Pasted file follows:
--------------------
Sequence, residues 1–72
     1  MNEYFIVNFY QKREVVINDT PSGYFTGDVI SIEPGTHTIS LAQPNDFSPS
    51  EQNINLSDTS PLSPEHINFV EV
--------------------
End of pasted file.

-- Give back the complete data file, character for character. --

Sequence, residues 1–72
     1  MNEYFIVNFY QKREVVINDT PSGYFTGDVI SIEPGTHTIS LAQPNDFSPS
    51  EQNINLSDTS PLSPEHINFV EV